BRIEF DESCRIPTION OF THE FIGURES

Example embodiments are illustrated by way of example and not limitation in the figures of the accompanying drawings, in which like references indicate similar elements and in which:

FIG. 1 is a schematic view of the oscillator circuit configured to operate as a power amplifier, according to one or more embodiments.

FIG. 2 is a photomicrograph view of the fabricated injection locked oscillator circuit of FIG. 1 configured to operate as a power amplifier on a standard CMOS technology, according to one or more embodiments.

FIG. 3 is a system view of the oscillator circuit configured to operate as a power amplifier, according to one or more embodiments.

FIG. 4 is a table view of a performance comparison between the injection locked oscillator circuit of FIG. 1 configured to operate as a power amplifier and various power amplifiers, according to one or more embodiments.

FIG. 5 is a process flow diagram illustrating the operation of the injection locked oscillator circuit of FIG. 1, according to one or more embodiments.

FIG. 6 is a process flow diagram illustrating operation of the injection locked power amplifier coupled to a load, according to one or more embodiments.

Other features of the present embodiments will be apparent from the accompanying drawings and from the detailed description that follows.

DETAILED DESCRIPTION

A method, apparatus and system of injection locking based power amplifier is disclosed. Although the present embodiments have been described with reference to specific example embodiments, it will be evident that various modifications and changes may be made to these embodiments without departing from the broader spirit and scope of the various embodiments.

In one or more embodiments, the oscillator circuit may be an injection locked oscillator circuit. The oscillator circuit may be referred to as injection locked oscillator circuit hereafter. In one or more embodiments, the injection locked oscillator circuit may be configured to oscillate at an inherent frequency of oscillation (e.g., free running oscillation frequency). The injection locked oscillator circuit may be a high power oscillator. The injection locked oscillator circuit may generate an output signal of high power even when an input signal (e.g., reference signal) is applied. The frequency of the output signal may be equivalent to the inherent frequency of oscillation of the injection locked oscillator circuit.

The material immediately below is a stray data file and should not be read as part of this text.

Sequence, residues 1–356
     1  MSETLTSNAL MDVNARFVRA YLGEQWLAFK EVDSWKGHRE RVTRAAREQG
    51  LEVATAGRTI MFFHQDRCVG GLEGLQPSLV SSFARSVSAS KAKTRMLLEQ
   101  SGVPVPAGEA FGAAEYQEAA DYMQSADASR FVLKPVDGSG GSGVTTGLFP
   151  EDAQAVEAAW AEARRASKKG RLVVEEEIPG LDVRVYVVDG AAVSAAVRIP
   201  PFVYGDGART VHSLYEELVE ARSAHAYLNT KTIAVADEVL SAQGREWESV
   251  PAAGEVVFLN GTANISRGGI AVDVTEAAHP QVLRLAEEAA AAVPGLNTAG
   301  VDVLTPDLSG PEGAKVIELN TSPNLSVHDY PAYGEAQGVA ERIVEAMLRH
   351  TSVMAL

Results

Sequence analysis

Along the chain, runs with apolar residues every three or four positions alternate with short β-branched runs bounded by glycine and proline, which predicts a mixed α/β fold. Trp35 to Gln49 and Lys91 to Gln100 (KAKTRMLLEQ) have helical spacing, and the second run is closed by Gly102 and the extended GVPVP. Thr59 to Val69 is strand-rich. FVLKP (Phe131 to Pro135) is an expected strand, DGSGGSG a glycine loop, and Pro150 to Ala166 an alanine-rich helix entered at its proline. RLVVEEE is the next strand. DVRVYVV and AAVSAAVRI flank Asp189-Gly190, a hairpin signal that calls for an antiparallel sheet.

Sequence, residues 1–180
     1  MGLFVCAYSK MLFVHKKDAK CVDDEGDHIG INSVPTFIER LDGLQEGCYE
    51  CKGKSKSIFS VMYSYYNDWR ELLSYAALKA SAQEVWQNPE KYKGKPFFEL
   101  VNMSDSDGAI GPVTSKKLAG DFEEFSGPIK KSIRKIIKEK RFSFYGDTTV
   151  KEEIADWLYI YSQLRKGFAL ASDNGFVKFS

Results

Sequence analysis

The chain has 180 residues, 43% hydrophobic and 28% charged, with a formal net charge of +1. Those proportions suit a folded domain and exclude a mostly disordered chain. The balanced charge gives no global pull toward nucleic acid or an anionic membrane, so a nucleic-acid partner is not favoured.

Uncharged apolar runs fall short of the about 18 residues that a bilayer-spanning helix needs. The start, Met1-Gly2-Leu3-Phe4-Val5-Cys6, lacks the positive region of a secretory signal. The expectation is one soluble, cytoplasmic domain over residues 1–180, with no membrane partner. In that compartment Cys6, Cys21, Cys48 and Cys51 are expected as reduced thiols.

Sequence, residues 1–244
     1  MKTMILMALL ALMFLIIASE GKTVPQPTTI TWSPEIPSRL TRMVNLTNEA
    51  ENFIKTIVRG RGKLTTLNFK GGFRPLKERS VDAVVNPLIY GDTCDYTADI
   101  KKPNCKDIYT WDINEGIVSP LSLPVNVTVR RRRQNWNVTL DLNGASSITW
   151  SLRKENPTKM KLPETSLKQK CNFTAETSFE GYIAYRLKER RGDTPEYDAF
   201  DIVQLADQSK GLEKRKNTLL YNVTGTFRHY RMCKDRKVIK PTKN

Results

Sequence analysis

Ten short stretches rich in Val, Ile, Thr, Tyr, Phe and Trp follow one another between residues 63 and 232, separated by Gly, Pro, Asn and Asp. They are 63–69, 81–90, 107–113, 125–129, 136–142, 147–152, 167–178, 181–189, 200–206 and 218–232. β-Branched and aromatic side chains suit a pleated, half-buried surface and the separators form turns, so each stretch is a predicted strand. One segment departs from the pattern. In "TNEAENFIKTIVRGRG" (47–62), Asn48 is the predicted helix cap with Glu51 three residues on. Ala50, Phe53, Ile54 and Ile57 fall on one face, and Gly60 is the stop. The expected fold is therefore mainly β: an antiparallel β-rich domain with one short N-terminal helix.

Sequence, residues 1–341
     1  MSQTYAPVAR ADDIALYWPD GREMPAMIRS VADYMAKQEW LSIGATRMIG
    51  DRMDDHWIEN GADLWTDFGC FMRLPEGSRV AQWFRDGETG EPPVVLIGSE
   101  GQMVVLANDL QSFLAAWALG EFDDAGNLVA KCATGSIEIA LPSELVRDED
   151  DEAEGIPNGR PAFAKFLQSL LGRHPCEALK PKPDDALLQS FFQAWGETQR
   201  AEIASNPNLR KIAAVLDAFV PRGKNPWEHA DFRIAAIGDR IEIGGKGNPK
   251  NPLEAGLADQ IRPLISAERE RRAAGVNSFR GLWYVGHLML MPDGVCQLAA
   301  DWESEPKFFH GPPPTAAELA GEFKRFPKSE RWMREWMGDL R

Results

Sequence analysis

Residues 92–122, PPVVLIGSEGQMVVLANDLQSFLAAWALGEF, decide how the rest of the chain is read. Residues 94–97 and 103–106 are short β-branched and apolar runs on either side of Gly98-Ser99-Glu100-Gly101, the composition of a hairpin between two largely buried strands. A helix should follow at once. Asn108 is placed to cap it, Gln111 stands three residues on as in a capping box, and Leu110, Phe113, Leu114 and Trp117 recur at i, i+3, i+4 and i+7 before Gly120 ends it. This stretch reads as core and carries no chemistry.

In one or more embodiments, a reference signal (e.g., input signal) may be applied to the injection locked oscillator circuit. The reference signal may be received from a circuit of a previous stage (e.g., previous RF stages) coupled to the input of the injection locked oscillator. In some embodiments, the reference signal may be directly received from a signal source. The reference signal may be of a higher frequency (e.g., x2 times) than a desired frequency of the output signal of the injection locked oscillator circuit (e.g., superharmonic injection locked oscillator). The frequency of the reference signal may be higher than the inherent frequency of oscillation of the injection locked oscillator. In one or more embodiments, the power of the reference signal may be lower than the power of the output signal.

In one or more embodiments, the frequency of the reference signal may be reduced by two through the differential transistor pair of the injection locked oscillator circuit. In one or more embodiments, the injection locked oscillator circuit may lock (e.g., injection locking) the inherent frequency of oscillation of the injection locked oscillator circuit to the reduced frequency and/or phase of the reference signal. The reference signal may be amplified through locking the inherent frequency of oscillation of the injection locked oscillator circuit to the reduced frequency of the reference signal.

In one or more embodiments, the output signal may be outputted to a load coupled to an output circuit of the injection locked oscillator circuit. In some embodiments, the output signal delivered to the load may be based on a difference between a power of the output signal and the power of reference signal (e.g., minimum input drive) required to maintain the locking a frequency of the reference signal inputted to the injection locked oscillator circuit to the inherent frequency of oscillation of the injection locked oscillator circuit.